Israeli firm sought to influence elections: report
An Israeli firm sought to influence more than 30 elections around the world for clients by hacking, sabotage and spreading disinformation, according to an undercover media investigation published Wednesday.
PARIS - An Israeli firm sought to influence more than 30 elections around the world for clients by hacking, sabotage and spreading disinformation, according to an undercover media investigation published Wednesday.
It adds to a growing body of evidence that private firms across the world are profiting from invasive hacking tools and the power of social media platforms to shape public opinion.
The firm was dubbed "Team Jorge" by investigating journalists who posed as potential clients in order to gather information on its methods and capabilities.
The report said its boss, Tal Hanan, is a 50-year-old former Israeli special forces operative who boasted of being able to control supposedly secure Telegram accounts, thousands of fake social media accounts, and of planting news stories.
The investigation was carried out by a consortium of journalists from 30 outlets, including Le Monde in France, Der Spiegel in Germany and El Pais in Spain, under the direction of a France-based non-profit known as Forbidden Stories.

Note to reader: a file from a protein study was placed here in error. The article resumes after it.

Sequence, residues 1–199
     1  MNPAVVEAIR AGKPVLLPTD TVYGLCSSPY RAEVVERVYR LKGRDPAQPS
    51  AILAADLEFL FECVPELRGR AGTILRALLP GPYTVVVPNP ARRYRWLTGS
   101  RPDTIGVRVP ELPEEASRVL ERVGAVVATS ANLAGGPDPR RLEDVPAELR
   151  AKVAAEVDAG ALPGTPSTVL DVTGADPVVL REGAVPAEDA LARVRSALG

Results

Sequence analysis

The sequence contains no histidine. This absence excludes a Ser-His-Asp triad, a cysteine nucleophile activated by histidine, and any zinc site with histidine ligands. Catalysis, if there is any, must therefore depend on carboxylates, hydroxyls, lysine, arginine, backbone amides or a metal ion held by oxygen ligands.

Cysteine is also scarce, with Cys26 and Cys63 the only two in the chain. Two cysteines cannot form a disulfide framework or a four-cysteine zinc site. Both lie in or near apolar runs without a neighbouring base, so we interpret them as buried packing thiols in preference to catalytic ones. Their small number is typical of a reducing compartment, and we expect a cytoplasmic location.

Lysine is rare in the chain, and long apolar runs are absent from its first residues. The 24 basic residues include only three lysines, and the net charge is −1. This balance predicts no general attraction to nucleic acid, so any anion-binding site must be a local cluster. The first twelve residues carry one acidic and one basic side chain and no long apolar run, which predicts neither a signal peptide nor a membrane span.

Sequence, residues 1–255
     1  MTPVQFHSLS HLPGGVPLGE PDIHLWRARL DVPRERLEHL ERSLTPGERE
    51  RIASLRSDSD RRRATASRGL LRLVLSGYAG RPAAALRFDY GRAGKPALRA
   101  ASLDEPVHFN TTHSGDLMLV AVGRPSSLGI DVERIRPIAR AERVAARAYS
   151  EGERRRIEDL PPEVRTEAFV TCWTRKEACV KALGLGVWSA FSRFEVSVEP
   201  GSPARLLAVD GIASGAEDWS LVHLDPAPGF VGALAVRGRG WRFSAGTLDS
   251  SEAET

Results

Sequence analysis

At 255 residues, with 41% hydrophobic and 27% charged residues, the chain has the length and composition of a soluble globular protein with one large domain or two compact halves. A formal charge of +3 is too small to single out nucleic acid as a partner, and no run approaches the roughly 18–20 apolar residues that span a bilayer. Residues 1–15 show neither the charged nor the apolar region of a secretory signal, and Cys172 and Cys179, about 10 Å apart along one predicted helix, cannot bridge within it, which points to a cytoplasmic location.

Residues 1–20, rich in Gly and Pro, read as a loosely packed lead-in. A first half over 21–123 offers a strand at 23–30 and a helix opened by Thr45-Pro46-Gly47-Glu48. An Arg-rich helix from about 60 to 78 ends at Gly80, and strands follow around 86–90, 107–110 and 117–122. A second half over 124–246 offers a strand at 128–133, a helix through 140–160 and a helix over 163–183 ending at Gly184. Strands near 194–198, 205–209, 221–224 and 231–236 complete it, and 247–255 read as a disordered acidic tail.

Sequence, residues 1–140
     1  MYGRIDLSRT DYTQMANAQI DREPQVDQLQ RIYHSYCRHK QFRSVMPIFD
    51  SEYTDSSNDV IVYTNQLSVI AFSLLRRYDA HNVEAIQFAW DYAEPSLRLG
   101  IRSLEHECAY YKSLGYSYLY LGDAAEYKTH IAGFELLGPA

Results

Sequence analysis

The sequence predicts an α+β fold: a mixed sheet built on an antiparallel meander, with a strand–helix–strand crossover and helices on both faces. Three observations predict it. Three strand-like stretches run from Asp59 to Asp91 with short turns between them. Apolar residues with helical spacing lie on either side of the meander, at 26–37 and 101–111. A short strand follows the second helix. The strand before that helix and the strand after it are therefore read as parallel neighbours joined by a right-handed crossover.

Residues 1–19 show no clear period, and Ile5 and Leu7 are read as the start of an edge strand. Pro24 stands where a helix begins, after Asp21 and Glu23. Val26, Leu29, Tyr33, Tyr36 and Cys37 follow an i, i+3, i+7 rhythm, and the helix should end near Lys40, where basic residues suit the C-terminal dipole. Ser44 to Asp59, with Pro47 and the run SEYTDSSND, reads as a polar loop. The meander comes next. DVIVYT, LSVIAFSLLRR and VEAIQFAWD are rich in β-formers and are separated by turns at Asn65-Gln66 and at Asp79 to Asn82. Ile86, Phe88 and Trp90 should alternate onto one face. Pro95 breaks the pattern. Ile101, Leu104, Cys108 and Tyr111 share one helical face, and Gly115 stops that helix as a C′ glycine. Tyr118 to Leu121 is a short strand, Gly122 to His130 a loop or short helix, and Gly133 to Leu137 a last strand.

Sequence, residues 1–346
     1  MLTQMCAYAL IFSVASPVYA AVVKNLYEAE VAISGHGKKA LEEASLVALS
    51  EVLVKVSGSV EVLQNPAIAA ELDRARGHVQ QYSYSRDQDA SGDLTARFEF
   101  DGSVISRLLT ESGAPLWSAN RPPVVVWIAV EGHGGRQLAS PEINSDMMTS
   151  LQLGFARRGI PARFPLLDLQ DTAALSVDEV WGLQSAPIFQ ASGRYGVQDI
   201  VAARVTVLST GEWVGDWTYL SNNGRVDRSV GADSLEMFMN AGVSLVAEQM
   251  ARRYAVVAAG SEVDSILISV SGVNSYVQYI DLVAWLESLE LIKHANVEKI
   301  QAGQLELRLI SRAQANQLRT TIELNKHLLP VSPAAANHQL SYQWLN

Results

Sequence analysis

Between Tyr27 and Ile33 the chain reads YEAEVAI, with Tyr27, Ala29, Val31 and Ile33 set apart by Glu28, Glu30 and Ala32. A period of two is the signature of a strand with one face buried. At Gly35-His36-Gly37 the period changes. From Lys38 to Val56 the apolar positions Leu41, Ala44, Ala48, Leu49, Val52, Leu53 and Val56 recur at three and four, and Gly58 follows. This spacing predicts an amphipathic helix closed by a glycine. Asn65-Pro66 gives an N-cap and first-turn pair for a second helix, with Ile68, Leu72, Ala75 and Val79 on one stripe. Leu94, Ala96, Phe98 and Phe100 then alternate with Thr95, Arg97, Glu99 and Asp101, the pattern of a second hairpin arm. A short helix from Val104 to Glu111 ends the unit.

"The methods and techniques described by Team Jorge raise new challenges for big tech platforms," the Guardian wrote.
"Evidence of a global private market in disinformation aimed at elections will also ring alarm bells for democracies around the world."
Hanan did not respond to detailed questions, saying only: "I deny any wrongdoing."
He told three undercover reporters that his services, often called "black ops", were available to intelligence agencies, political campaigns and private companies.
"We are now involved in one election in Africa... We have a team in Greece and a team in [the] Emirates... [We have completed] 33 presidential-level campaigns, 27 of which were successful," the Guardian quoted him as saying.
British consulting firm Cambridge Analytica - since shut down - was allegedly used to develop software steering voters towards Donald Trump in the 2016 US presidential election.
The group collected and exploited the personal data of 87 million Facebook users, to which the platform had given it access, leading to major fines and lawsuits.
On Tuesday, the chief of Russian mercenary group Wagner, Yevgeny Prigozhin, admitted creating an infamous troll farm that is suspected of fomenting online discord and interfering in Western elections.
An investigation led by Forbidden Stories in 2021 said powerful Israeli-made Pegasus spyware had been sold by the cyber intelligence company, NSO Group Technologies, to governments and used against at least 50,000 people around the world.
Forbidden Stories is a collaborative platform set up in 2017 at the initiative of French documentary maker Laurent Richard, with the support of Reporters Without Borders, and brings together more than 30 different media from around the world.